Friday, January 30, 2009

A Ponzi scheme that's really global

The more I read about how to jump-start the economy, the more I think most of the ideas (even the Obama administration's) are as unsustainable as the busted economy they're trying to fix.

Here's the problem. Growth that's funded by debt - as US economic growth has been for years now - is, by definition, unsustainable, because there is a limit to how much debt anyone can take on (and pay off). It's my suspicion that one of the reasons the collapse cascaded through the economy so quickly is that in our hearts, all of us knew that we were on shaky ground; that our debt was climbing when our incomes weren't, and that our financial situations were getting more and more precarious. So it didn't take a whole lot of economic bad news to get us to stop in our tracks.

But what we keep hearing now is that we have to get the banks lending again. Really? Do our financial experts really believe that if we can only get the debt spigots open, people will start loading up their credit cards and the economy will come roaring back?

I know lending is important, especially the day-to-day lending that companies need to finance their inventories. But what's really battering the economy is that even people who have money (which, after all, is most of us) are afraid to spend it. And we're afraid, I think, because we have finally grasped the fragility of our own personal financial situations. We're doing, ironically, just what economic advisers and even economists have been urging us to do for decades now: trying to live off current income and - if we can - pay down debt and save for a rainy day.

Isn't it kind of stupid to discourage this new-found financial sanity by trying to get the credit spigot gushing again? Shouldn't we, maybe, be trying to find a way to fuel economic growth by increasing incomes, not spending? And shouldn't we consider the possibility that there really, really are limits to growth?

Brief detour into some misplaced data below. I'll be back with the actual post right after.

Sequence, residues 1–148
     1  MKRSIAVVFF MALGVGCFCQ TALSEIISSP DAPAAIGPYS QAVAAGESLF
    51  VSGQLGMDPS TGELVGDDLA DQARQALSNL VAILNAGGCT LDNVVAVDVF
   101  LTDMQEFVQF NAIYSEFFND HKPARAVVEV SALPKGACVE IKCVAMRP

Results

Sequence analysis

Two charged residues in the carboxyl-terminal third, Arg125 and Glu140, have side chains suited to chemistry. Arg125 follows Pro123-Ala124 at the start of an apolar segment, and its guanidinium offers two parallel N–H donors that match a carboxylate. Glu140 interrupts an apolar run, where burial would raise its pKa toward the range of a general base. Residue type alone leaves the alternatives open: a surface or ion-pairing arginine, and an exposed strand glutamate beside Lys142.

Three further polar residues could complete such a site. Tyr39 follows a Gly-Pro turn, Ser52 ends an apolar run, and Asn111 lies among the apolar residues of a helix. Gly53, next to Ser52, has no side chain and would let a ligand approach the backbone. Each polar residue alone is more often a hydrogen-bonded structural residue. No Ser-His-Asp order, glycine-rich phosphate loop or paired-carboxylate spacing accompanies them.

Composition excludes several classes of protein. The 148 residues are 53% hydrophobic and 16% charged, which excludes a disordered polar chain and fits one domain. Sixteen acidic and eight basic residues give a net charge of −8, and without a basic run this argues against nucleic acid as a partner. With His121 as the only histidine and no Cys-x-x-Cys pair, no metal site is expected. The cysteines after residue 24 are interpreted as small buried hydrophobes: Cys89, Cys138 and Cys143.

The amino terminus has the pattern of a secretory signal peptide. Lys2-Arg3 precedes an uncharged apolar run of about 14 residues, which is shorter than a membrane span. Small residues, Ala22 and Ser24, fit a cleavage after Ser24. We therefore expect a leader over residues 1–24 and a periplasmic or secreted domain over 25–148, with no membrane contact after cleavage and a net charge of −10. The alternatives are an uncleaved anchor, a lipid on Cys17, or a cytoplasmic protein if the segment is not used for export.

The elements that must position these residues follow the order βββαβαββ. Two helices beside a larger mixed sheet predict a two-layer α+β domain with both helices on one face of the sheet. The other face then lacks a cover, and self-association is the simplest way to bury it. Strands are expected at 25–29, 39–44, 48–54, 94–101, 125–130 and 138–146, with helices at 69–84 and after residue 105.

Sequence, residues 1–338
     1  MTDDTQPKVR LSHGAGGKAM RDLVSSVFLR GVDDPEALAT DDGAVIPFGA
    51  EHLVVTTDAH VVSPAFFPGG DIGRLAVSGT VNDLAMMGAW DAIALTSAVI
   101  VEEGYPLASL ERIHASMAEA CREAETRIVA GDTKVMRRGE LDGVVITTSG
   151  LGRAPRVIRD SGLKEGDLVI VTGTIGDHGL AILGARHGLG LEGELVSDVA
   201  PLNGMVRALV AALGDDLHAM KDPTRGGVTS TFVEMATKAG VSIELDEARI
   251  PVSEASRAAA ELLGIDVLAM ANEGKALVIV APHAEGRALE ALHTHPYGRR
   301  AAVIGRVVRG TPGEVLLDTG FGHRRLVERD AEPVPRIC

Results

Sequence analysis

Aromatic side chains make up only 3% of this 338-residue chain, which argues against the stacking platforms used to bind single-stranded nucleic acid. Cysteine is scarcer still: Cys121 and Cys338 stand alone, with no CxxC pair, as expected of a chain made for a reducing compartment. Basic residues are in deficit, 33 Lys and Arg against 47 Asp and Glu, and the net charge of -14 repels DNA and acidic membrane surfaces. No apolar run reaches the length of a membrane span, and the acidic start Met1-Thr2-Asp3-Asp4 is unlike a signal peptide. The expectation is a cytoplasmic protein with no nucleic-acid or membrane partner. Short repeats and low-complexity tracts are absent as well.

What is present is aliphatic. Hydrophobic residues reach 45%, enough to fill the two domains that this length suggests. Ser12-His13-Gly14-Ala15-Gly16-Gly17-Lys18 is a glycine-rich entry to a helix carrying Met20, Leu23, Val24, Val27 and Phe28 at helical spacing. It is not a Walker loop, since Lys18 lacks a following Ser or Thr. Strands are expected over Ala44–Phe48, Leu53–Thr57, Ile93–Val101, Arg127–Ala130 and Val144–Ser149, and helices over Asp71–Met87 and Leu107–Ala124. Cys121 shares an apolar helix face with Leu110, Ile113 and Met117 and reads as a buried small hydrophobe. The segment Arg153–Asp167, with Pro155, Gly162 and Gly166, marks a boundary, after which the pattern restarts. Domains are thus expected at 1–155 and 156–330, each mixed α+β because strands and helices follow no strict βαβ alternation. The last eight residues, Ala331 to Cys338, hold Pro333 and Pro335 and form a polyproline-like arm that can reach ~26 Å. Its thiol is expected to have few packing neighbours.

Years ago, for Sojourners Magazine, I reviewed a TV show called Affluenza. One scene from the show has been in my head a lot lately. You can read the whole review here ("I Shop, Therefore I Am") but here's what makes that bit stick in my head:

"Perhaps the hour's strangest moment is a clip showing Nike employees eagerly participating in a workshop on voluntary simplicity. I couldn't help wondering if any of them had thought about what might happen to their jobs if this movement became widespread. Exactly where did they think they'd be, if teen-agers all over the world started wearing their Nikes until they developed holes? And that, of course, is the rub. Yeah, we'd be better off if we simplified our lives. But we live in a Ponzi-scheme economy where not just corporate fortunes, but peoples' jobs, from the United States to Poland to Thailand, depend on the ever-increasing appetite for things that the advertising industry so skillfully fuels. Getting enough folks off that treadmill to avert the environmental disasters Affluenza threatens is likely to be not the uncomplicated blessing the show promises, but a messy and possibly ugly process."

And so it is. Sadly, so it is.

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